•   Children in foster care who have chronic medical pblems: 50 percent
•   Alumni (adults formerly in foster care) who experienced seven or more school changes (K-12): 65 percent
•   Alumni who completed high school: 74 percent  (Compare to 84 percent in the general population ages 25 to 34)
•   Youth aging out of foster care who plan to attend college: 70 percent
•   Alumni who completed a bachelor’s degree: 3 percent - 11 percent (Compare to 28 percent for 25- to 34-year-olds in the general population)
•   Alumni who were employed at age 21: 52 percent (Compare to 66.6percent employment rate for ages 20-24 in 2008)
•   Alumni who became homeless for one day or more after aging out of foster care: 22 percent (Compared to range of 2.6 percent to 6.8 percent for ages 18 to 24
who are homeless in U.S. in any given year)
•   Alumni of foster care who suffer from post-traumatic stress disorder: 25 percent (This lifetime prevalence rate is similar to that of many U.S. war veterans)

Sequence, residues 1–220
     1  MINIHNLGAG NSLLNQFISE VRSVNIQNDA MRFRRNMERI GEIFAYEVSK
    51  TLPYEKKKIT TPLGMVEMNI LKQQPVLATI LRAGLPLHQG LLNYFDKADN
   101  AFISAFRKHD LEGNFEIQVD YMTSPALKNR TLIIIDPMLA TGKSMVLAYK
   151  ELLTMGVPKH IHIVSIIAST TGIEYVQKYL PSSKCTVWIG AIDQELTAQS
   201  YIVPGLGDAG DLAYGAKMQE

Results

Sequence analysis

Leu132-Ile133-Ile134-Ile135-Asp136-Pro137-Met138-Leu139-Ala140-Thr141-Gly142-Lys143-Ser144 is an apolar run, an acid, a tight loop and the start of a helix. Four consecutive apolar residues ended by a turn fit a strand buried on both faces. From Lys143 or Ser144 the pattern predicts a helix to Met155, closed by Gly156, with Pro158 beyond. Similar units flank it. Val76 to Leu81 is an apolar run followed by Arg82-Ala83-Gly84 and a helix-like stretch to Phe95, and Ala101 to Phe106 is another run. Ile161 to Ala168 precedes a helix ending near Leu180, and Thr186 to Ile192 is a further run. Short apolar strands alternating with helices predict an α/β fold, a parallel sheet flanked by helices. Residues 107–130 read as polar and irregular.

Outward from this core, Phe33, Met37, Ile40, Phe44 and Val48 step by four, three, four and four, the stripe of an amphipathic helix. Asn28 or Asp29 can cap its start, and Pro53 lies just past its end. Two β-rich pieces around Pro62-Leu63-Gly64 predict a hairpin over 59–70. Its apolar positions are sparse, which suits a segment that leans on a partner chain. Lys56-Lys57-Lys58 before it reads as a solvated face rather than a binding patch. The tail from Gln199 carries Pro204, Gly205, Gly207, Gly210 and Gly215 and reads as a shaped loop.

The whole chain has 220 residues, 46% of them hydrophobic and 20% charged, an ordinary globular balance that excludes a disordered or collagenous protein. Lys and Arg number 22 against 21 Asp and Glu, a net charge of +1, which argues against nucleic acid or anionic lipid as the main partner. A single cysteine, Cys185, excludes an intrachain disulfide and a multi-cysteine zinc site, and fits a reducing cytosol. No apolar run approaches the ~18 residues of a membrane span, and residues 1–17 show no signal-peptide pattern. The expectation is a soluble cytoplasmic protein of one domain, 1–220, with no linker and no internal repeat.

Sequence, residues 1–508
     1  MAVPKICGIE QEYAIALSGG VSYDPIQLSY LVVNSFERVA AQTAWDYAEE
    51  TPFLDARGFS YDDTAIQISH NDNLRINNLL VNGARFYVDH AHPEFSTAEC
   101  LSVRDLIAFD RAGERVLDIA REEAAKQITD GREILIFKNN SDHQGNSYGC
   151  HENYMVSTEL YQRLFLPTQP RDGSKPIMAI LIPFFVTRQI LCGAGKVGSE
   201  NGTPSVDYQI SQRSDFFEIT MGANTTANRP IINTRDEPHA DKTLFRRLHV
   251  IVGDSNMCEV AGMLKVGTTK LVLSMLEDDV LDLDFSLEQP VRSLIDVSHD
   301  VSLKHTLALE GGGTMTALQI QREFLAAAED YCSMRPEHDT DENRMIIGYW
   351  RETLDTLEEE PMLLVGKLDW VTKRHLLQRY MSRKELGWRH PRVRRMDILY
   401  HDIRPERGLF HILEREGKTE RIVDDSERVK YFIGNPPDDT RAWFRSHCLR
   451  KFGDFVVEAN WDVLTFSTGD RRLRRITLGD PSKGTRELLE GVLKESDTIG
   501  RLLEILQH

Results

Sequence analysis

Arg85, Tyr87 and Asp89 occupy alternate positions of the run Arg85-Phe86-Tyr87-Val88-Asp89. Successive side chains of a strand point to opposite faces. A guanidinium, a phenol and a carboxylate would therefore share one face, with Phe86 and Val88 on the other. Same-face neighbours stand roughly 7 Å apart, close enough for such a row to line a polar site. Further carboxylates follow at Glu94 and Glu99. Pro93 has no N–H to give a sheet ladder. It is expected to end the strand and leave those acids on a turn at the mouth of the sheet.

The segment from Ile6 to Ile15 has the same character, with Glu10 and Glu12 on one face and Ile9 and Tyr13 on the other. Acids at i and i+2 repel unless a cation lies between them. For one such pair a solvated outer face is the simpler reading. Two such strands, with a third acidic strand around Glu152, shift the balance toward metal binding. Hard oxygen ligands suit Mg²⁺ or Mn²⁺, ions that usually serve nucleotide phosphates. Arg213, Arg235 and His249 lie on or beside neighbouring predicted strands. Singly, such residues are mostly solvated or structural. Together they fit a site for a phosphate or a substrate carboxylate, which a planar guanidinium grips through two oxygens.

For those of us who are removed from the child welfare system, some of the problems facing children who live in -- and graduate -- from that system will be shocking, to say the least. However, the statistics reveal that the chilling effect of the realities of foster care are breeding a hidden generation of kids who grow up to be lost and troubled adults.
The number of children in the foster care system hovers in the 400,000 range every year, so the statistics above represent a staggering number of people. For instance, the 25 percent who suffer from PTSD will amount to nearly 100,000 adults. That’s also the same number who didn’t complete high school, and almost double that number celebrated their 21st birthdays without jobs.

They could fill several football stadiums, as they go without a basic education, employment and a baseline of physical and mental health. They represent the most deserving of us, as they were not responsible for the circumstances that placed them in all of these high-risk groups.

That’s why it is so important for those of us who can to support the charities and foundations that make up the safety net for these children. Despite the hurdles they face, there is still a chance for hope, a chance for joy and a chance for life. All they require is the chance to remain children and the hope for a future that is as abundant with opportunity as any other child’s life. And, to be candid, it is the least those of us, who live in the richest free country in the world, can do for them.

​​Call us:


3715 W Horatio St

Tampa, FL 33609